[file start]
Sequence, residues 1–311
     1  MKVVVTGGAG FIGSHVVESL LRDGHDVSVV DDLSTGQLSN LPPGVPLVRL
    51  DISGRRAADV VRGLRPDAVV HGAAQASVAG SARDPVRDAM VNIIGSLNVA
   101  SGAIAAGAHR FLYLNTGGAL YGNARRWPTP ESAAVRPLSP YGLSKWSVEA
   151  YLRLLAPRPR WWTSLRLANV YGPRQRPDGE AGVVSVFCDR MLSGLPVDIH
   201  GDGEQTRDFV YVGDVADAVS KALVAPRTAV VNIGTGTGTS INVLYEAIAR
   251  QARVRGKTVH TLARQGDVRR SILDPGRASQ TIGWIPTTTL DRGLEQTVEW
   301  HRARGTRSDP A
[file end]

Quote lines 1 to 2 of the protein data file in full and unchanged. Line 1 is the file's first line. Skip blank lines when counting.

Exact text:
Sequence, residues 1–311
     1  MKVVVTGGAG FIGSHVVESL LRDGHDVSVV DDLSTGQLSN LPPGVPLVRL